There are two neutral Benzopyridines: quinoline (benzo[b]pyridine) and isoquinoline (benzo[c]pyridine), altogether by the quinolizinium cation (benzo[a]pyridinium) (figure illustrated below), made up by a ring fusion that employs the nitrogen atom.
Quinolines and isoquinolines are very significant as their derivatives, a large proportion of which are alkaloids, illustrate helpful biological effects. Certainly, the medicinal properties of the plants that biosynthesize such alkaloids have been acknowledged for centuries, long before the nature of the compounds responsible was known. The two such natural products are the anti-malarial agent quinine, from the bark of Cinchona trees, and morphine, a tetrahydroisoquinoline derivative, found in the latex from poppy seed capsules. Morphine and its di-0-acetyl derivative, heroin are still employed to control severe pain, in spite of being addictive drugs.
Molecular structure and general properties:
Quinoline is a base since, as for pyridine. The lone pair of electrons on the nitrogen atom is not used in its internal resonance. However it is an aromatic compound, the valence bond illustration of quinoline exhibits two of the neutral contributors, A and C (figure illustrated below) to the resonance hybrid as quinonoid in character, while in B either the carbo-cycle or the heterocycle should exist in the form of a 1,3-diene. The presence of the pyridine nucleus is reflected via the inclusion of doubly charged canonical forms.
Fig: Quinoline-valence bond description
Though, the representations F to H comprise disruption of both monocyclic π systems concurrently. This follows that these are of higher energy, and they contribute very much less to the overall explanation of the molecule as compare to do the alternatives D and E which influence only the pyridine system.
The bond lengths of quinoline, that are irregular, support the resonance explanation; therefore, the 1,2-, 5,6- and 7,8-linkages are shorter as compare to that of the carbon-carbon bond in benzene (more double bond character!). There is as well a dipole of 2.19 D directed towards the nitrogen atom.
Acids and Lewis acids react by quinoline at the fundamental nitrogen atom to form quinolinium salts, and there is a question over the nature of the substrate for the electrophilic attack, that is, is it quinoline or the quinolinium cation? The answer is not a simple one and appears to base on the reagents and reaction conditions. Therefore, while acetyl nitrate at 20 oC gives mostly 3-nitroquinoline (figure shown below), fuming nitric acid in concentrated sulphuric acid having sulphur trioxide at 15 to 20 °C yields a mixture of 5-nitroquinoline (35%) and 8-nitroquinoline (43%) (figure shown below). In case of acetyl nitrate, the reaction might carry on by the 1.4-addition of the reagent to quinoline, followed via electrophilic attack on the 1,4-dihydro derivative.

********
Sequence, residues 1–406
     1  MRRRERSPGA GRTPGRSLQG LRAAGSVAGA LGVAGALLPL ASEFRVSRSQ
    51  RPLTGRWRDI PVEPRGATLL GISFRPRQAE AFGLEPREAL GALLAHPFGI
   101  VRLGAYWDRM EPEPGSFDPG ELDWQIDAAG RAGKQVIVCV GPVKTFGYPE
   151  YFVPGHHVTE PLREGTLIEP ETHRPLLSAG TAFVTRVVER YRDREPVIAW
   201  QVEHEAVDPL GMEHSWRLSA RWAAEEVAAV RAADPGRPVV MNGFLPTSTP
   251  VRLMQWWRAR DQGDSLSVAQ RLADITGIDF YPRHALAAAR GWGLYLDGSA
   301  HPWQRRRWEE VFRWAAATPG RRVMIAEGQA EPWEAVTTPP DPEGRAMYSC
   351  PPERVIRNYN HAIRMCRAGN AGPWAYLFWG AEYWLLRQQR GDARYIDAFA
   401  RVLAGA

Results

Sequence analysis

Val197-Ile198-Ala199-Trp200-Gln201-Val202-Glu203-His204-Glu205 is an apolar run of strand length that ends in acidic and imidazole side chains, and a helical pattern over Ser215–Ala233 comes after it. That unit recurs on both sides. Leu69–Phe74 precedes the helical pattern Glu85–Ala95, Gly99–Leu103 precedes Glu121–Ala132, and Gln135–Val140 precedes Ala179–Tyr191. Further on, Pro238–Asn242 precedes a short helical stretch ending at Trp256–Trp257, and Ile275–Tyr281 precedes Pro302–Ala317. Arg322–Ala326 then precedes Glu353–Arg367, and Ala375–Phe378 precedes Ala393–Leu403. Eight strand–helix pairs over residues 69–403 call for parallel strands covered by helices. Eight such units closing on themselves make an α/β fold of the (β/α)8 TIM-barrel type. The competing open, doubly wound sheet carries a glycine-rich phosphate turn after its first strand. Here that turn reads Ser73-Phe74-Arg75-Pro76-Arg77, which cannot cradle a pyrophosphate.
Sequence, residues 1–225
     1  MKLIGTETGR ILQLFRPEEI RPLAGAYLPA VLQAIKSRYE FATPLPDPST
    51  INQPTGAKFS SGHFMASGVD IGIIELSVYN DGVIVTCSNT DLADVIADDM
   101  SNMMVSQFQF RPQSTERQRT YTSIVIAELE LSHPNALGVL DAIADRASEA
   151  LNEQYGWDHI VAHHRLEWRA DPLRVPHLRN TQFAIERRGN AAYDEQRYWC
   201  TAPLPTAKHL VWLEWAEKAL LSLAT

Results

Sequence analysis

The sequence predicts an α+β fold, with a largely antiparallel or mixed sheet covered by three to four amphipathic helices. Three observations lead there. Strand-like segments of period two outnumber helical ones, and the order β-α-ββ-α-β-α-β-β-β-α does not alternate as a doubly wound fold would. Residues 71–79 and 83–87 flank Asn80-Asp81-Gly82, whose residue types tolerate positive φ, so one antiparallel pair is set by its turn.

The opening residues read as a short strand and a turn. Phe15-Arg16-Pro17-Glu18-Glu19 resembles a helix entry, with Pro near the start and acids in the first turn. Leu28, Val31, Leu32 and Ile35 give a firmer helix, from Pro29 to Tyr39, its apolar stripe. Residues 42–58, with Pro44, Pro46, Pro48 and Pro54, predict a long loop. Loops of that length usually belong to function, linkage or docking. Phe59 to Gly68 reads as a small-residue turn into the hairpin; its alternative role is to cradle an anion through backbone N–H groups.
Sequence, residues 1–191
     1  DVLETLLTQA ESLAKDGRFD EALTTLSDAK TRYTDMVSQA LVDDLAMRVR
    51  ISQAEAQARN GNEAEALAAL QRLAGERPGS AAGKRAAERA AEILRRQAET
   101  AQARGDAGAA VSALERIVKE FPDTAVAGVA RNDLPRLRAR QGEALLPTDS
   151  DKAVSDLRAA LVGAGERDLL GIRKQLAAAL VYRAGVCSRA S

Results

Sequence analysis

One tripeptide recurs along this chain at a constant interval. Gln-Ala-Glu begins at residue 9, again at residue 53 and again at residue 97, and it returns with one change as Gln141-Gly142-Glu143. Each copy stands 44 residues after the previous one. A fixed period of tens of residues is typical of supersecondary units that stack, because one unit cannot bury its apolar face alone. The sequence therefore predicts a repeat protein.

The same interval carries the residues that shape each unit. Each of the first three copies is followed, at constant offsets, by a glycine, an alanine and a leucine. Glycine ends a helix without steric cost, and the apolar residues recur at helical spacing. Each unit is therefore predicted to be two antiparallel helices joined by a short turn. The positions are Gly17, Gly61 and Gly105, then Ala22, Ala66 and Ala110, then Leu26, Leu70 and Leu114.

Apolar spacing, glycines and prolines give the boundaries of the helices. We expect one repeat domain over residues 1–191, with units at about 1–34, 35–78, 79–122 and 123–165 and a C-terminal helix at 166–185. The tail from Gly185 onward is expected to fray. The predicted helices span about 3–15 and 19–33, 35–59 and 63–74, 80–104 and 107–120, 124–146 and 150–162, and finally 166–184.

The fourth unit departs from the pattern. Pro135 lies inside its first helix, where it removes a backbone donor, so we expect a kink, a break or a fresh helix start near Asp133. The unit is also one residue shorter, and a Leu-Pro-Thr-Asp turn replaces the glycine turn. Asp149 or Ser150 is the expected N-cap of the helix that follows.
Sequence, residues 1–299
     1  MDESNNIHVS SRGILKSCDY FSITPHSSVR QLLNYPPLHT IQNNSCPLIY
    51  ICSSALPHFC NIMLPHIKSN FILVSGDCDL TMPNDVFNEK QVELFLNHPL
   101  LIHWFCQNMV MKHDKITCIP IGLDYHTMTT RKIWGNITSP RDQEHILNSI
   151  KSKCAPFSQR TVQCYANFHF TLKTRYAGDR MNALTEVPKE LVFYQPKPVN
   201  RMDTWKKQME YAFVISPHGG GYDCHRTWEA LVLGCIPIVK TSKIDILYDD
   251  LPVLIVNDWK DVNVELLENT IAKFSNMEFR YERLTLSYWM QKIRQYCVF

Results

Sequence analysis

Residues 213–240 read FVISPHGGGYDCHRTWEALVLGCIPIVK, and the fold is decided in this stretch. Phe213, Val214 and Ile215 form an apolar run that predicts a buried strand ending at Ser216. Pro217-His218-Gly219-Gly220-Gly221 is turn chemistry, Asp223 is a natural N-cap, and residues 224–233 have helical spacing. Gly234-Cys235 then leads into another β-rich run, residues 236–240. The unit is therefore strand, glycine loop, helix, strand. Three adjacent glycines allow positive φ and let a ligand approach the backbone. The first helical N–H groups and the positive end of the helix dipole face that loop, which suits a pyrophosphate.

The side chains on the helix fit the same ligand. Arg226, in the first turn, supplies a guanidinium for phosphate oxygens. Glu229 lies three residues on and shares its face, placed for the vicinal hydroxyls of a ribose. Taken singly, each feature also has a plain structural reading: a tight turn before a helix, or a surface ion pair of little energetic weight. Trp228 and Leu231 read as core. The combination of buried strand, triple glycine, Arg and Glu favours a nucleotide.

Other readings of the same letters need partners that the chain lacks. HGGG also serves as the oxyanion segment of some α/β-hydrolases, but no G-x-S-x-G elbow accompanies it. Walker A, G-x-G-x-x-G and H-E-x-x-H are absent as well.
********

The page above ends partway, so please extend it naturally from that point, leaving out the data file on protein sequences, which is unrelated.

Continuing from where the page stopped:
Fig: Quinoline-Electrophilic Substitution
Though, the rate of nitration of quinoline in 80 to 99% sulphuric acid is of the similar order as that of N-methylquinolinium salts, suggesting that here the quinolinium cation might be the target for attack.
Sulphonation with oleum at 90 °C affords mostly the 8-sulphonic acid, however as this product is sterically hindered, at higher temperatures it rearranges to the 6-sulphonic acid (figure shown below). This rearrangement is identical to that shown by naphthalene-l-sulphonic acid, the kinetic sulphonation product of naphthalene that isomerizes on heating to the thermodynamically favored (less hindered) 2-isomer.
Alkyl and acyl halides react directly by quinoline to provide N-alkyl or N-acylquinolinium salts (figure shown below). While the N-alkyl salts are stable and can frequently be isolated as crystalline solids, the N-acyl analogues are unstable and experience rapid hydrolysis in moist air or in the aqueous solution.
Fig: Alkyl and acyl halides react with quinoline
N-Acyl- or N-sulphonylquinolinium salts can be trapped via cyanide ion to form what are known usually as Reissert adducts. The simple elimination of the N-substituent in a subsequent reaction by a base gives access to 2-cyanoquinoline (figure below).
Fig: Quinoline-Nucleophilic Addition-Substitution
There is a strong similarity among the reactions of pyridines and quino-lines towards nucleophiles. Addition takes place mostly at C-2, giving 1,2-dihydroquinolines, however the locus of the reaction can be diverted to C-4, specifically if there is a good leaving group placed at this position.